Let’s say you’re currently enlisted in the military, but you’re interested in attending school during military service, or maybe you have a family member who is. You’ll need to understand your options. Here are a few ways to approach the situation, so you can advance both your education and career opportunities after graduation.
Create a Strategy to Meet Your Long-Term Education Goals
Before you start applying to schools, map out a plan to reach your goals for higher education.
Consider whether your desired career path after service will require additional degrees or certifications beyond a bachelor’s. By setting expectations upfront, this will help you save time and money in the long run.
Additionally, seek out advice from others in your family or within the military and veteran community who’ve been through similar experiences and can be a sounding board to answer questions.
Explore Military-Friendly Colleges and Universities
Many colleges and universities offer benefits to military members and veterans, such as academic assistance, credit-transfer policy for military training and career resources to help you get ready for civilian life. Find an accredited college or university that has these offerings dedicated to your success as a service member.
“In today’s environment, there are a variety of learning options for earning a college degree – whether going to classes fully in-person, completely online or a mix of both,” said Brittany Mills, assistant manager of education lending at Navy Federal Credit Union. “This more easily allows students, like active-duty service members, to pursue an education while juggling military obligations.”
Take Advantage of Financial Aid
The Post-9/11 GI Bill covers college tuition, a housing allowance and a stipend for books and supplies for service members. GI Bill benefits are also transferable to family members, such as your spouse or children, if you don’t use any or all of them.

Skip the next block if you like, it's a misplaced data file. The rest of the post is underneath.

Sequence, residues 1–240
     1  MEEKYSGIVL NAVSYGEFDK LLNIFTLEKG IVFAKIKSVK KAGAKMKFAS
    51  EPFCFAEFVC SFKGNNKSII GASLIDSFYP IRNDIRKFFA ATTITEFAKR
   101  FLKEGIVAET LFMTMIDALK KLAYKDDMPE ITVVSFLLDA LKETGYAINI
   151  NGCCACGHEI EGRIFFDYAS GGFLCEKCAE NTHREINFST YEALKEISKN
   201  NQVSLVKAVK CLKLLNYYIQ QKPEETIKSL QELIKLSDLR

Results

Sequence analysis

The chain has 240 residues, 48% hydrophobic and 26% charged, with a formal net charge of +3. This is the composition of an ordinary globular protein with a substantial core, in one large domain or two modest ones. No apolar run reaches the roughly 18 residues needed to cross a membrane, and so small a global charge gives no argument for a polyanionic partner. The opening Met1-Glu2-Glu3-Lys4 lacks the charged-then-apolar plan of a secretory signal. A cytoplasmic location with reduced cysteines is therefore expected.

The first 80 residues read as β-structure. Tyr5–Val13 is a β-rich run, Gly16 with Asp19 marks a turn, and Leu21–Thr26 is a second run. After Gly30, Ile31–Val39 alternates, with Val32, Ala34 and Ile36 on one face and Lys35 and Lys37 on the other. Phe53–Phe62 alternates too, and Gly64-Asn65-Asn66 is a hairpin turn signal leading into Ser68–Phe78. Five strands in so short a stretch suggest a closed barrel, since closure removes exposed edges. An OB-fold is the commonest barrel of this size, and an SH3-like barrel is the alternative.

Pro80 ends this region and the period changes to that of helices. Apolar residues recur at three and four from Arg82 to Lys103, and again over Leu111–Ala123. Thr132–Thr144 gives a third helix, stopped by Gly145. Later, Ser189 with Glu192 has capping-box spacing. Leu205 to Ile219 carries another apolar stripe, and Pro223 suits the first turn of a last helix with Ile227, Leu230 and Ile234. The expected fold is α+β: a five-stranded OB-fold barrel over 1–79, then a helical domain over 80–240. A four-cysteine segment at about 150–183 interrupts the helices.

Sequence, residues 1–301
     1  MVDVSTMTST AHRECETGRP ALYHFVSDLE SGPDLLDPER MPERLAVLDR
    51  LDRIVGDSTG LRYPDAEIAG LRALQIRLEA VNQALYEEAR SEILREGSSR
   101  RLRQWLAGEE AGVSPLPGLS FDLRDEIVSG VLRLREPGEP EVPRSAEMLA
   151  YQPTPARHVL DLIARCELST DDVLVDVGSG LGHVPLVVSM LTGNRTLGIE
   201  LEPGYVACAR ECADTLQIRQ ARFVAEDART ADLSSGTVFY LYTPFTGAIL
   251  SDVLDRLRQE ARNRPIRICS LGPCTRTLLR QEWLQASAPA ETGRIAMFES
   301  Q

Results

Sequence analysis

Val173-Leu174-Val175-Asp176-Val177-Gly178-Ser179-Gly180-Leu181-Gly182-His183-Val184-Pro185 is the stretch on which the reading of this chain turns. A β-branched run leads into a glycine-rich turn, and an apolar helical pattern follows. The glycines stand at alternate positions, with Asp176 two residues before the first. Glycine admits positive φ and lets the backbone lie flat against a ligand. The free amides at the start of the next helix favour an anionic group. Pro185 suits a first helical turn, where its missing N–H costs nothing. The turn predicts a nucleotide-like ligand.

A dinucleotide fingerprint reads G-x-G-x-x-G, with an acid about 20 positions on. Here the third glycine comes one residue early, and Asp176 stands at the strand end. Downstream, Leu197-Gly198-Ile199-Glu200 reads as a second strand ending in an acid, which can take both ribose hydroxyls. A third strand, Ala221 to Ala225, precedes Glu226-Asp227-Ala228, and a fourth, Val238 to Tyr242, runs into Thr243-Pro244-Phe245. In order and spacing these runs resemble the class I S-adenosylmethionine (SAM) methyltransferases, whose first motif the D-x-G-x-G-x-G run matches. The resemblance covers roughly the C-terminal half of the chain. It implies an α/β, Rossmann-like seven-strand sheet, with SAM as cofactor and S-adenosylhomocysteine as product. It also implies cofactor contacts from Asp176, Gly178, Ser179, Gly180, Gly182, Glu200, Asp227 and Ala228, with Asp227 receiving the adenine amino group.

Your next stop for funding should be scholarships, grants and federal loans. This includes money for eligible military members through programs, such as the ROTC. You can apply for federal loans by completing the free application for federal student aid (FAFSA).
“You can only borrow up to a certain amount from the federal government through the federal loan program,” said Mills. “If you reach this limit, then it’s a good time to look into private student loan options from your trusted bank or credit union.”
Private student loans cover the same types of costs, such as tuition, room and board, books and transportation to and from school. While students can apply by themselves, they’re more likely to be approved and possibly secure a lower interest rate with a credit-worthy cosigner.
Further, don’t forget to review the benefits available under the Servicemembers Civil Relief Act (SCRA). The SCRA gives military members a wide range of legal protections not available to the general public.
“Ultimately, you want to first seek financing options that don’t need to be paid back, like the GI Bill or scholarships. Then turn to what’s available through federal student aid, and lastly consider private student loans,” Mills said.
Keep Up With Your Education Benefits
Whether you need a guide on how to use your GI Bill, want to take advantage of tuition assistance and scholarships, or get the lowdown on education benefits available for your family, Military.com can help. Subscribe to Military.com to have education tips and benefits updates delivered directly to your inbox.